...was proclaimed in 1991 as a nature conservation area of the QwaQwa homeland. Covering 22 000 ha of highland mountain scenery, the horseshoe-shaped park borders the Golden Gate Highlands National Park to the north, east and the south, where it also borders Lesotho. The park's main attraction is the imposing outcrops of Clarens sandstone. QwaQwa, the flat-topped mountain after which the area is named, is a prominent landmark in the east of the park. It has been suggested that the Khoikhoi name means 'vulture', a reference to the Cape vulture colony living on the cliffs. A variety of outdoor activities are offered and 4x4 enthusiasts have a choice of three routes which can be completed in three to four hours. Accomplished equestrians can explore the park by joining two-day horse rides conducted over weekends, while hikers can tackle the two-day Avondrus Hiking Trail, which covers 27 km.


Situated within the QwaQwa National Park, the Basotho Cultural Village consists of a collection of homesteads ranging from reed-and-stick beehive structures to more modern constructions featuring colourful geometric patterns. Cultural activities are staged at an amphitheatre, and there is also a shop and restaurant. The village is a living museum where visitors on a South African holiday can learn about the history and culture of the South Sotho people by participating in traditional games and watching clay pot-making, weaving and the grinding of maize. A tour of the village takes about an hour, but visitors can also join the Ngaka (traditional healer) on a two-hour guided walk focusing on the medicinal and customary uses of plants. Well-preserved rock paintings along the route provide an added dimension to the trail. At the restaurant visitors can sample a traditional Sotho meal of maize meal, meat, wild spinach and pumpkin.


...lies in the upper reaches of the Nuwejaarspruit and forms part of the Drakensberg Pumped Storage Scheme, which supplements the water supply of the Vaal Dam. Commissioned in 1977, the 2 290-m-long earthfill embankment was extended to 3 060 m in 1980, while the height was increased from 69 m to 93 m. Up to 630 million m3 of water a year is pumped from the Woodstock Dam on the Thukela River up the Escarpment to the Sterkfontein Dam. The water is stored here and is released into the Wilge River, a tributary of the Vaal, only when there is a need to augment the water level in the Vaal Dam.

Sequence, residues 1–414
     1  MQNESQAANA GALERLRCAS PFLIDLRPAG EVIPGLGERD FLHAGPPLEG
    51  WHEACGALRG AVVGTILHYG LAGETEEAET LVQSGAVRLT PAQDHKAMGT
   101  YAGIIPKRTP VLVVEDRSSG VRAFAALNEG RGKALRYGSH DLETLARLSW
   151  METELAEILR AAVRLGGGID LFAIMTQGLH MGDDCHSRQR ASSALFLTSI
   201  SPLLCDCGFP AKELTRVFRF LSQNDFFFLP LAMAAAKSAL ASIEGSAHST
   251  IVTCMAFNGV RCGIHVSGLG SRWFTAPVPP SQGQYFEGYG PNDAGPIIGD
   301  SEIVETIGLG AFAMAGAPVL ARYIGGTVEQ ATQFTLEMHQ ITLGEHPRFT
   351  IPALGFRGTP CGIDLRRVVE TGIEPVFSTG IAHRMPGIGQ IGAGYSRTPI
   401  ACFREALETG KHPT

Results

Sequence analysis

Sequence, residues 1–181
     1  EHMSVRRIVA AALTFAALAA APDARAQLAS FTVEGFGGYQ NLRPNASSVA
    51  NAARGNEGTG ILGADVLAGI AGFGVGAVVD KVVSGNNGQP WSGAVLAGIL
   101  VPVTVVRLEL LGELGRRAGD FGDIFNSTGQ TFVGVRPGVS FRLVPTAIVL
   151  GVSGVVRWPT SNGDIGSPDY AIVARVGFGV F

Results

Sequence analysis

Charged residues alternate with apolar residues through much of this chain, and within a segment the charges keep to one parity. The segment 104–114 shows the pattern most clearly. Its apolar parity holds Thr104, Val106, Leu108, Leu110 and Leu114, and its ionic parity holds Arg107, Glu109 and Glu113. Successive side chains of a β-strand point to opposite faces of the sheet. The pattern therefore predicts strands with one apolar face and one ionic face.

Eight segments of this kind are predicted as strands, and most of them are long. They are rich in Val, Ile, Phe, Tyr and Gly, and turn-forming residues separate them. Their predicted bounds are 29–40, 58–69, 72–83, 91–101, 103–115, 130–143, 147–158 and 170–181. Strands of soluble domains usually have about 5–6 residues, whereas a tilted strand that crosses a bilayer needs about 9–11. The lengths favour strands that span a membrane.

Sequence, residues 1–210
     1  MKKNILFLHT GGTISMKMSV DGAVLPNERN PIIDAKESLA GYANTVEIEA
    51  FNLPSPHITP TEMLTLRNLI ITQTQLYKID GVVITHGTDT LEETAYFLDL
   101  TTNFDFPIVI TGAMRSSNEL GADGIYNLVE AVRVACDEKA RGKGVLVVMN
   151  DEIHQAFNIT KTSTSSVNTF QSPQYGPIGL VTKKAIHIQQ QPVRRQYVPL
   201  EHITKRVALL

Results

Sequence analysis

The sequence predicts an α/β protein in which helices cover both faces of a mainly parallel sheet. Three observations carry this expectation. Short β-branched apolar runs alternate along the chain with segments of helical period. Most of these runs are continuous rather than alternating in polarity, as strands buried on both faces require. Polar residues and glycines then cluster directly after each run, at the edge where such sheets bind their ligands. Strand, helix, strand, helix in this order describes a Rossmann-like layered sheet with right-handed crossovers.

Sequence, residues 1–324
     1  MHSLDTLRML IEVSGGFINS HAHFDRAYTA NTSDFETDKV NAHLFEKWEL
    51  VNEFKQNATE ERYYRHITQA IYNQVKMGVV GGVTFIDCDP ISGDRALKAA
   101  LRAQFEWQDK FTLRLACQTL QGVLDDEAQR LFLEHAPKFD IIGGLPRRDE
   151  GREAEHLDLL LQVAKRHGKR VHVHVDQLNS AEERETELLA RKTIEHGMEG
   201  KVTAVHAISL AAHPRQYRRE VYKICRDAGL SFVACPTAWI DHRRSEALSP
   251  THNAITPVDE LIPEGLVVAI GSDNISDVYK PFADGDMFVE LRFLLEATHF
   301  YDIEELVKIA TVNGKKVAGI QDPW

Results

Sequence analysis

The rationale for this is that, being very deep, the Sterkfontein Dam loses much less water through evaporation than the much shallower Vaal Dam. The dam wall contains 17 million m3 of material, making it the largest dam wall in South Africa in terms of volume. With a surface area of nearly 70 km2 when full and a capacity of 2 656 million m3, Sterkfontein is the third-largest reservoir in South Africa. It is popular with anglers, and windsurfing and boating enthusiasts. The dam is the focal point of the 18 000-ha Sterkfontein Dam Nature Reserve, which is dominated by grasslands and cream-coloured sandstone outcrops.


Harrismith, on the banks of the Wilge River, is dominated by 600-m-high Platberg to the northeast of town. Horse-drawn carts are still a common mode of transport among the local rural people 1. Established in 1849, Harrismith was named after the British Governor of the Cape, Sir Harry Smith. In addition to its central location midway between Gauteng and the KwaZulu-Natal coast, the town is also an important agricultural centre. The 5 000-ha Platberg Nature Reserve, extending from the edge of the town to the summit of the flat-topped mountain, is stocked with a variety of game including blesbok, black wildebeest, eland, springbok and red hartebeest. The blockhouse on the slopes of Platberg was built by the British in 1901 as part of their strategy to isolate and capture the Boer forces during the South African War. Also of interest is a 150-million-year-old, 33-m-long petrified tree trunk in the Harrismith Town Hall garden. The imposing light-brown sandstone building, with its towered fašade, was completed in 1908.


...lies amidst a patchwork of maizelands and cattle farms typical of the eastern Free State. The town was established in 1905 and named after a Dutch Reformed minister, Reverend John Daniel Kestell. Kestell is noted for its beautiful sandstone buildings, dominated by the Dutch Reformed Church, which was commissioned in 1909 and consecrated on 31 March 1928. During the South African War, the town saw fighting at nearby Groenkop, when a Boer force under the command of General Christiaan de Wet launched a surprise attack. Leaving their horses at the base of Groenkop, the Boers ascended the mountain under cover of darkness and attacked the British forces on Christmas Day 1900. British casualties were 58 killed, 84 wounded and 206 captured, while the Boers lost 14 men.